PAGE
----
Using continuous-wave diode lasers in the UV (at 397 nm) and IR (at 866 nm), we can literally cool down calcium ions held within an ion trap. Laser cooling works by exploiting the wave-matter duality of light (sometimes light acts as a particle, and sometimes a wave); if an ion is travelling towards a laser beam and absorbs a photon, the velocity of the ion will decrease as the photon has momentum and momentum (p=mv) must be conserved in a collision (imagine trying to slow down a training by throwing ping-pong balls at it). When the ion relaxes back to the ground state, it emits photons in all directions, resulting in a net loss of momentum in cases where the velocities of the ion and the absorbed photon are opposed. To ensure that the trapped ions preferentially absorb photons travelling towards them – as opposed to photons travelling in the same direction, which would increase the velocity of the ions – we employ the Doppler effect. The cooling laser is slightly detuned below the resonant absorption energy, such that photons travelling towards the ion are Doppler shifted to match the resonant frequency of the transition. On the order of 107 laser cooling cycles can occur per second, and so the velocity of the ions can be reduced significantly in a very short period of time. As the laser-cooled calcium ions are continuously fluorescing, we can observe the emitted photos using a microscope lens and a camera. This allows us to literally watch reactions occur on a microscopic scale, in real time. In our experiments we can precisely control the properties of the reactants and can detect any product ions formed. This enables us to examine how ion-molecule reactions happen under cold conditions, such as you would find in the outer atmosphere and in space. We know that the rates of ion-molecule reactions increase as the temperature decreases – the opposite to what occurs in most reaction systems. As a result, ion-molecule reactions become increasingly important in regions of low temperature, such as the outer atmosphere and the interstellar medium.
Fig. 1. Schematic showing the ion trap, the lasers and the fluorescing calcium ions. Figure reproduced from: B. R. Heazlewood & T. P. Softley, Annu. Rev. Phys. Chem. 66, 475 (2015).
Fig. 2. The reaction between Coulomb-crystallised calcium ions and neutral reactant molecules (in this instance, CH3F) is shown as a function of time. Each of the dots in the experimental images represents the lattice position of a calcium ion. As the calcium ions react, two changes can be observed in the crystal images: the number of fluorescing ions decreases and the crystal appears flatter. This is due to the formation of CaF+ product ions, which sit outside the remaining Ca+ ions but cannot be seen by the camera as they are not laser cooled and thus do not fluoresce. Figure reproduced from: S. Willitsch, M. T. Bell, A. D. Gingell & T. P. Softley, Phys. Chem. Chem. Phys. 10, 7200 (2008).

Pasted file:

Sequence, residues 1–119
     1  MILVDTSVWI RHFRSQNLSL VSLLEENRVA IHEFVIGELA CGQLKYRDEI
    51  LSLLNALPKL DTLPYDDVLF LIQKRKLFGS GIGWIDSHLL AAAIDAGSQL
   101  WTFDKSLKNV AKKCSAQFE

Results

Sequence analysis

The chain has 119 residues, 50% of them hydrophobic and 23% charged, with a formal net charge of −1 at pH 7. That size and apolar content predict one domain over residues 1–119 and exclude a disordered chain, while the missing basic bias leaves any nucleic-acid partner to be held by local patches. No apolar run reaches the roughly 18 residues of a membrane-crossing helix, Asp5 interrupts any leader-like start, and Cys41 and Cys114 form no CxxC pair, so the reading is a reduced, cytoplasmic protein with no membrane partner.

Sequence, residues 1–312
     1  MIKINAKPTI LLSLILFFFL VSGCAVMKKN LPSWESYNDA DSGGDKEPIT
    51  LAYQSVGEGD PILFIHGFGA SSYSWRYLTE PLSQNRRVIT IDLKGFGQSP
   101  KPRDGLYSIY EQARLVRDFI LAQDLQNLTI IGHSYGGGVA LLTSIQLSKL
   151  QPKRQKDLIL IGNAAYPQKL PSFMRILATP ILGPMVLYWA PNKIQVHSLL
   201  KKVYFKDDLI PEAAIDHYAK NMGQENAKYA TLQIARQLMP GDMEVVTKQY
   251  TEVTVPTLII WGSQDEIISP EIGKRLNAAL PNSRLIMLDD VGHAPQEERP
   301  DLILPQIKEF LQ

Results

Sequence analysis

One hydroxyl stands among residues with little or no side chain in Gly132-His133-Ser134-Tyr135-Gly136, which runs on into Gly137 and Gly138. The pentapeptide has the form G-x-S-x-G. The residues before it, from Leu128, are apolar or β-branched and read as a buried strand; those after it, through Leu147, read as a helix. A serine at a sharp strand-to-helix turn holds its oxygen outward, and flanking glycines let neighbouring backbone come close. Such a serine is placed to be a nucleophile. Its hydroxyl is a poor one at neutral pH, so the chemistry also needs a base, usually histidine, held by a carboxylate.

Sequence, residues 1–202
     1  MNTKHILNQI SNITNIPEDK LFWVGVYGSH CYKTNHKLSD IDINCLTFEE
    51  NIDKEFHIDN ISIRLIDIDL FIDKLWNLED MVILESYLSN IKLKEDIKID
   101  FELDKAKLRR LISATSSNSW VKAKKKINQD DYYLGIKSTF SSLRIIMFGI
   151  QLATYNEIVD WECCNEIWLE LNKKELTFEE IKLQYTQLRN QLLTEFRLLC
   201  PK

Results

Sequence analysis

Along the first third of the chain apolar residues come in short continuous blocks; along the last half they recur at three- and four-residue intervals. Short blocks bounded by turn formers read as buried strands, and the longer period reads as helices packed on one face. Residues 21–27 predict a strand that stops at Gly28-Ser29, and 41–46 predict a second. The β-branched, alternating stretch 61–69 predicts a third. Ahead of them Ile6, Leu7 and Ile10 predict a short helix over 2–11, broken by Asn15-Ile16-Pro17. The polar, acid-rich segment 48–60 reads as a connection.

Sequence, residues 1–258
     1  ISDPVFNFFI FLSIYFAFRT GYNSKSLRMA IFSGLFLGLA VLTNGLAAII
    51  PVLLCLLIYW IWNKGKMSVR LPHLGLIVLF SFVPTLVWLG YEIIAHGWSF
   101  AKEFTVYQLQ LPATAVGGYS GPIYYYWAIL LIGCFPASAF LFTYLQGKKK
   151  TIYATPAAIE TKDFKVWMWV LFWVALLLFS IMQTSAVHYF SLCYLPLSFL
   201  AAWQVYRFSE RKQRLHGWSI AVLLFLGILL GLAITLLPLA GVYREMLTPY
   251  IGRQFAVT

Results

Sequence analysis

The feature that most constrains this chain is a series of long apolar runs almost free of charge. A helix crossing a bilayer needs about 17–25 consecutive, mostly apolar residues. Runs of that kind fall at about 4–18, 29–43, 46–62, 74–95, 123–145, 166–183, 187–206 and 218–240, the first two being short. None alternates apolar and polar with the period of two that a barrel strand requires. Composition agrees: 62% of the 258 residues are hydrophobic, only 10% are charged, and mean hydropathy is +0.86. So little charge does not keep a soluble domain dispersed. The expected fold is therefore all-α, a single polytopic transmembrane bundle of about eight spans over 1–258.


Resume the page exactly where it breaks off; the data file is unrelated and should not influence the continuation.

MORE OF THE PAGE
At the beginning of the movie, you see a Coulomb crystal formed entirely of fluorescing Ca+ ions. Xe+ ions are then incorporated. While Xe+ ions are not laser cooled and therefore do not fluoresce, they induce changes in the crystal: the crystal gets hotter as the laser-cooled Ca+ ions “sympathetically” cool the Xe+ ions, resulting in a diffuse cloud-like structure rather than the previously sharply resolved crystal lattice. When the crystal cools down again (after sufficient laser-cooling cycles have removed the excess energy of the Xe+ ions through collisions with Ca+ ions), the fluorescing Ca+ framework appears flatter and elongated. This is because Xe+ ions are heavier than Ca+ and thus sit outside the Ca+ ions. After a short period of time, neutral deuterated ammonia (ND3) molecules are admitted to the reaction chamber. These ND3 molecules undergo a charge exchange reaction with Xe+, forming ND3+ ions. Again, while we cannot see the ND3+ ions (they are not laser cooled and thus do not fluoresce), we can observe changes in the crystal due to their presence. A dark core begins to form, as ND3+ is lighter than Ca+, and this grows over time as the charge exchange reaction proceeds. Note that Ca+ ions are spectators in the reaction; the number of Ca+ ions is unchanged, as they serve to cool the other ionic species through elastic collisions, and they also allow us to visually follow the reaction progress.
How can we test potential new drugs?
Dr Clarence Yapp
The cell membrane of cells is very effective at keeping foreign molecules such as drugs and toxins out of the cell. Unfortunately, this can create complications in early drug development programmes, where drugs are effective but suffer from cell impermeability. For example, we may want to test whether a new drug has any therapeutic effect on cancer cells, but since the drug cannot enter the cell, we may never know of its true potential for later redesign. Using a femtosecond pulsed laser in the infrared region, we have temporarily permeabilised the membrane of cells to introduce foreign ‘cargo’ to address this problem. The cargo can be in the form of drugs or proteins. This technique is called optoporation and, unlike other methods of permeabilisation, it is less harmful to cells and can be visualised in real-time under a microscope.
How do we look at fossils trapped in rocks?
Dr Matt Friedman
X-ray computed tomography, more widely recognised as CT scanning, is a powerful technique that allows scientists to measure the 3D structures of fossil organisms that are still encased in rock – without having to dismantle or destroy the specimen. The specimen is simply scanned at several angles using X-rays that can pass through the rock and pick up the structures that lie beneath. This produces images that are essentially ‘slices’ through the object, which are then peiced together by a computer, producing the 3D image.
In recent work the brain cases of a set of early fish have been investigated, discovering new features that give clues about the evolution of eyes and other senses early vertebrates.
Fig. 3. The result of a 3D scan of the inside a fossilised primitive fish’s (Kentuckia deani MCZ 8361) brain case. This image is known as an ‘endocast’.